Considering how things are moving, where will Ireland be in 10,20 or more years into the future?

    Will EU pressure us hard enough to raise our corp. taxes? Will an increase in tax cause LMCs to leave?

    At the rate we're recovering/going (very vigorously and fast compared to our counterparts), how long/much do we have left t fully recover?

    How long are we going to see our friends,neighbors and relatives leave to Canada, Australia and US?


  • Registered Users Posts: 4,138 ✭✭✭realitykeeper


    ezra_pound wrote: »
    Reality keeper deserves the Looney left administration he idealises. He could do with a good dose of Gerry IRA Adams justice and equality and some Boyd Barrett social welfare.

    The sane, hard working, educated people of this nation however deserve much better.

    Tá Tú mi-ceart. True right wingers like me know the banks should have been allowed to fail. You are the looney leftist who thinks it was a good idea to splash out a hundred billion saving other people from their bad decisions for no reason whatsoever.

    The only consequence of letting the banks fail would have been an inability to borrow which by the way would have been a very good thing in itself.


  • Closed Accounts Posts: 21,727 ✭✭✭✭Godge


    Yes I am sure. The mortgages would have been written off like in Iceland.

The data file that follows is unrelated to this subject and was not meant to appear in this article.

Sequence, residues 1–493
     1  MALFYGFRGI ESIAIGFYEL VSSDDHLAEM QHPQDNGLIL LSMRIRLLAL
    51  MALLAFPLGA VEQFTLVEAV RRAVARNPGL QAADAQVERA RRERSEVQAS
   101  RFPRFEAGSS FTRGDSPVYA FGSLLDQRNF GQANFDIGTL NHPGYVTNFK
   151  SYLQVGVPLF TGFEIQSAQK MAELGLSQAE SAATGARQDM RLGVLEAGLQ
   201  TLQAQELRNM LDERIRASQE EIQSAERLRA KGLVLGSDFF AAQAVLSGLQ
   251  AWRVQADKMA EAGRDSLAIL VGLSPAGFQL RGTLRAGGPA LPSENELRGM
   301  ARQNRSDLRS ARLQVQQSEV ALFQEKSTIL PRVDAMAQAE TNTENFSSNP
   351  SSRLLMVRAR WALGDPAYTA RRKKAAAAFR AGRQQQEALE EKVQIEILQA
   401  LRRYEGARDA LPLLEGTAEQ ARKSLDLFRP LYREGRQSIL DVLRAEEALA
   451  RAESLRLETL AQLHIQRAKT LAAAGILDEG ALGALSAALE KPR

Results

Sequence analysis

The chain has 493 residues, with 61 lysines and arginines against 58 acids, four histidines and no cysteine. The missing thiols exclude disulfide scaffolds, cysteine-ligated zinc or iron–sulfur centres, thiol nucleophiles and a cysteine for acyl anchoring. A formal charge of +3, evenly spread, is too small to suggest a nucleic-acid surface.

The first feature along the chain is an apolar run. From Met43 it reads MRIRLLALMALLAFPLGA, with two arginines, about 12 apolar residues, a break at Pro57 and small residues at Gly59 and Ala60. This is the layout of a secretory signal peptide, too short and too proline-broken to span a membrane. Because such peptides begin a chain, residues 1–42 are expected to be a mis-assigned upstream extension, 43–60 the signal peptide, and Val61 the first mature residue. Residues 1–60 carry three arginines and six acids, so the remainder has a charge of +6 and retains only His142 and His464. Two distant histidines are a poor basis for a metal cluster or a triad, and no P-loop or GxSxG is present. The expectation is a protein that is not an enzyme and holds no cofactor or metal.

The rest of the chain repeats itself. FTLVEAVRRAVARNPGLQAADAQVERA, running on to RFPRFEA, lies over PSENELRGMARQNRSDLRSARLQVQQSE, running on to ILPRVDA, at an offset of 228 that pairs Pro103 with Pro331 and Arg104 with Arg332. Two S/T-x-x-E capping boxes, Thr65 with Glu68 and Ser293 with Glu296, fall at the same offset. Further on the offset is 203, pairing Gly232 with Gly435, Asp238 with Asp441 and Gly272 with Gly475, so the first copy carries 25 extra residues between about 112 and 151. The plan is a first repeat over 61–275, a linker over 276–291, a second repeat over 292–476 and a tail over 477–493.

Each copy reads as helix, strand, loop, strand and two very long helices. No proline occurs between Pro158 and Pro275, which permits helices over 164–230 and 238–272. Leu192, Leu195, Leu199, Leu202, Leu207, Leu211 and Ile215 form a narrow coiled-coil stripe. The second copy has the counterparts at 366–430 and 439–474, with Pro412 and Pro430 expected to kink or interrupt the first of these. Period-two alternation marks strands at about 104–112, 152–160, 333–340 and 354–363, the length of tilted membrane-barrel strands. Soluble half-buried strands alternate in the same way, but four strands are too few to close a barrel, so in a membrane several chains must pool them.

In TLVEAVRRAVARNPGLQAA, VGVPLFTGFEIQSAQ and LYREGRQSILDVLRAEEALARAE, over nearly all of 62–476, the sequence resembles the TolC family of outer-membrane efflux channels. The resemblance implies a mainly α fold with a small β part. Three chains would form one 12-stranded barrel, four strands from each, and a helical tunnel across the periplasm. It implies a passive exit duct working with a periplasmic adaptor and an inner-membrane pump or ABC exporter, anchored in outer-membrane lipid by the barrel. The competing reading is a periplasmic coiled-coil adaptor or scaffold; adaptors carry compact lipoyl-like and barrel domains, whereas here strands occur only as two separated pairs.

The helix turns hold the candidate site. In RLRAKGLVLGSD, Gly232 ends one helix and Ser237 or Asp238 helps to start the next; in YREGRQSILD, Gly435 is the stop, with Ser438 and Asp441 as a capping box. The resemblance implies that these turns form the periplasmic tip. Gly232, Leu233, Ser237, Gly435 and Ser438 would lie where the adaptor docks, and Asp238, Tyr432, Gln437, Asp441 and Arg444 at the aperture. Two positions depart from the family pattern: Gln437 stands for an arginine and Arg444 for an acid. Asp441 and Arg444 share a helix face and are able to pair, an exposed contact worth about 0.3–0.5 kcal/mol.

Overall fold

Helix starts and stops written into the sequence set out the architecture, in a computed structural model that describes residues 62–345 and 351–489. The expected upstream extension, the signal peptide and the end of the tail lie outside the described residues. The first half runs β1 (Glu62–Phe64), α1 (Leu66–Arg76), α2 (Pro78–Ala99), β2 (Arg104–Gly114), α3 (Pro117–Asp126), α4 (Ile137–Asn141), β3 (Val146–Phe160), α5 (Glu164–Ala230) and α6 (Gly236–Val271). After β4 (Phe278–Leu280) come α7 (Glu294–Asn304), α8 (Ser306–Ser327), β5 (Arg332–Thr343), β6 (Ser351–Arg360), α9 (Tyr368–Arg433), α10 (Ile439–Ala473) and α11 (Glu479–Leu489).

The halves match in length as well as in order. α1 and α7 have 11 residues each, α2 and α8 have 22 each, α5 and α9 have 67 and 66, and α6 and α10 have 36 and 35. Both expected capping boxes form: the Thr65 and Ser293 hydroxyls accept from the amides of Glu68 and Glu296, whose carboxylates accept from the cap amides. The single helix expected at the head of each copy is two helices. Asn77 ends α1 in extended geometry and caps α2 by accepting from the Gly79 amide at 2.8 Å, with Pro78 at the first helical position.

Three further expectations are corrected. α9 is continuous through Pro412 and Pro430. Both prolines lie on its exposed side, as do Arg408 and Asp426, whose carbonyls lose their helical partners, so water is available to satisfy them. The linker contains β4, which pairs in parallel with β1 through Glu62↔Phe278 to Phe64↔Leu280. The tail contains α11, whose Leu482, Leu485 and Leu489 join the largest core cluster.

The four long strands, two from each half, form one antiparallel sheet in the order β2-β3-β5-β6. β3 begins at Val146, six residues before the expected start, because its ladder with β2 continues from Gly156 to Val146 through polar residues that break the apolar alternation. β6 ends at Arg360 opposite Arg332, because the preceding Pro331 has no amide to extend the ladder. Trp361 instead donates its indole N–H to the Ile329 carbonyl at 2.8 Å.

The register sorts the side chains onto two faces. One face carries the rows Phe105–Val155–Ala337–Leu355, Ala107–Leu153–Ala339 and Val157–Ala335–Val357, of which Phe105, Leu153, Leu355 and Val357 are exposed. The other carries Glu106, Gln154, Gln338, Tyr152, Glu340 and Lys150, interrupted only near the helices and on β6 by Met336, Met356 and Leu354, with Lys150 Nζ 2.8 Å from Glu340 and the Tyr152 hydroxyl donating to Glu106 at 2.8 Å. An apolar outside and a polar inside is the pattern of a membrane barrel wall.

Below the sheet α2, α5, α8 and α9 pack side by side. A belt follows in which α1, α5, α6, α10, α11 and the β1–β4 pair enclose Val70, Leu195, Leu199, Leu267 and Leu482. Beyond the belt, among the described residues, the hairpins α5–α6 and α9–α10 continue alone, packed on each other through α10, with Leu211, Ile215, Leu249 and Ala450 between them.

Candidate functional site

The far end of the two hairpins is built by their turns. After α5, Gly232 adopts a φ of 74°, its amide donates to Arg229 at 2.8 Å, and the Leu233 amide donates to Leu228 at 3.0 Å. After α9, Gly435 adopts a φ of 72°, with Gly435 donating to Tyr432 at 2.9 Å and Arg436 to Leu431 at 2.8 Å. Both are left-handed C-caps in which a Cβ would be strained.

This 30 sec video shows the Icelandic public applauding the decision:

    https://www.youtube.com/watch?v=NABKMc7OKqY

    Admittedly, the Icelandic government didn`t want to do it because they wanted to be able to borrow so they could feather their own nests, buy the next election etc, but the Icelandic people insisted on it as retaliation against the banks for burning savers.

    They didn't write off every mortgage in Iceland. They wrote off a portion of the mortgages after they had imposed penal rates of interest on them. The ordinary person in Iceland who had a mortgage got hammered.


  • Registered Users Posts: 4,138 ✭✭✭realitykeeper


    Godge wrote: »
    They wrote off a portion of the mortgages ...

    The "portion" you are referring to is the vast bulk of the mortgages. The only thing the mortgage holders had to pay for the cost of reimbursing savings which were lost when the banks defaulted. Of course, the mortgage holders had lost savings themselves so in a way they were repaying themselves. The defaulting banks got nothing from the mortgage holders. They did get phone calls, demands and reminders to pay the Icelandic savers :)


  • Registered Users Posts: 2,458 ✭✭✭OMD


    The "portion" you are referring to is the vast bulk of the mortgages. The only thing the mortgage holders had to pay for the cost of reimbursing savings which were lost when the banks defaulted. Of course, the mortgage holders had lost savings themselves so in a way they were repaying themselves. The defaulting banks got nothing from the mortgage holders. They did get phone calls, demands and reminders to pay the Icelandic savers :)

    I also thought it was only a portion of mortgage debt:

    "Despite overwhelming criticism from international financial institutions, Iceland’s government (formed after the April 2013 election) announced in November that it will be writing off up to 24,000 euro ($32,600) of every household’s mortgage, fulfilling its election promise. The government said the debt relief will be spread out over four years and will begin by mid-2014; and the prime minister has promised that public finances will not be put at risk.